{
                ch = name[num];
                num3 = 1;
                num++;
            }
            else
            {
                flag = true;
                if (sourceArray[num7 - 1] == num8)
                {
                    break;
                }
            }
            int index = 0;
            int num5 = 0;
            int num6 = 0;
            while (index < num7)
            {
                int num2 = (sourceArray[index++] + 1) / 2;
                num3 = 0;
            Label_00F2:
                if (num2 != expression.Length)
                {
                    num2 += num3;
                    num9 = num2 * 2;
                    if (num2 == expression.Length)
                    {
                        numArray2[num5++] = num8;
                    }
                    else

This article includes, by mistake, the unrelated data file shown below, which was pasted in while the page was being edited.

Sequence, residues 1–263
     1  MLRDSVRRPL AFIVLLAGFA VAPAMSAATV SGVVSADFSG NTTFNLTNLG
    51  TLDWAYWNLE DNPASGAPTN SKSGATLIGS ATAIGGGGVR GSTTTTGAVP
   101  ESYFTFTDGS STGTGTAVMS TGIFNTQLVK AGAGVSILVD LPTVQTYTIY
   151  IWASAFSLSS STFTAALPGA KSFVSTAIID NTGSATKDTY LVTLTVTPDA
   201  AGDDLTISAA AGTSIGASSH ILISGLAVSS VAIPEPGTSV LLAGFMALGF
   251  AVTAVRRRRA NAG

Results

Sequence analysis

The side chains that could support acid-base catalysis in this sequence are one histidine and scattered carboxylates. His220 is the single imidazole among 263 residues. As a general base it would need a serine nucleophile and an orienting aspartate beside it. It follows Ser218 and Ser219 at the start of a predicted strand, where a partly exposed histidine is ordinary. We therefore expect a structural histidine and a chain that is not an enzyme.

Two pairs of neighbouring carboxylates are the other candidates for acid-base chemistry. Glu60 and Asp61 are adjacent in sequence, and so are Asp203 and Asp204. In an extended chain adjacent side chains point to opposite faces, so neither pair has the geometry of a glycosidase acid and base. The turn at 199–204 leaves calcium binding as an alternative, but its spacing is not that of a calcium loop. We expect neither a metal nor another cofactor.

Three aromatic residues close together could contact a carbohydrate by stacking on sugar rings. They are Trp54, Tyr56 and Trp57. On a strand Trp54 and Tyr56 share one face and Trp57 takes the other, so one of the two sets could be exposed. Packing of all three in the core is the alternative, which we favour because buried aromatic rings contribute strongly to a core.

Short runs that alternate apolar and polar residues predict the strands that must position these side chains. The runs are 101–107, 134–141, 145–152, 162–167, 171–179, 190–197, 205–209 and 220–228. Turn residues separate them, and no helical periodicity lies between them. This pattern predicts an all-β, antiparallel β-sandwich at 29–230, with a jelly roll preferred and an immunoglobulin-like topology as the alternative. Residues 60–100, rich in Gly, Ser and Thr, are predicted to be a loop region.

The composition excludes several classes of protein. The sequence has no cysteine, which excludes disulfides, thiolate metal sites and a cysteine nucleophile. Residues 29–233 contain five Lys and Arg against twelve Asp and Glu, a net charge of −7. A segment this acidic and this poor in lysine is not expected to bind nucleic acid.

{
                        ch2 = expression[num2];
                        num3 = 1;
                        if (num5 >= 14)
                        {
                            int num11 = numArray2.Length * 2;
                            int[] destinationArray = new int[num11];
                            Array.Copy(numArray2, destinationArray, numArray2.Length);
                            numArray2 = destinationArray;
                            destinationArray = new int[num11];
                            Array.Copy(sourceArray, destinationArray, sourceArray.Length);
                            sourceArray = destinationArray;
                        }
                        if (ch2 == '*')
                        {
                            numArray2[num5++] = num9;
                            numArray2[num5++] = num9 + 1;
                            goto Label_00F2;
                        }
                        if (ch2 == '>')
                        {
                            bool flag2 = false;
                            if (!flag && (ch == '.'))
                            {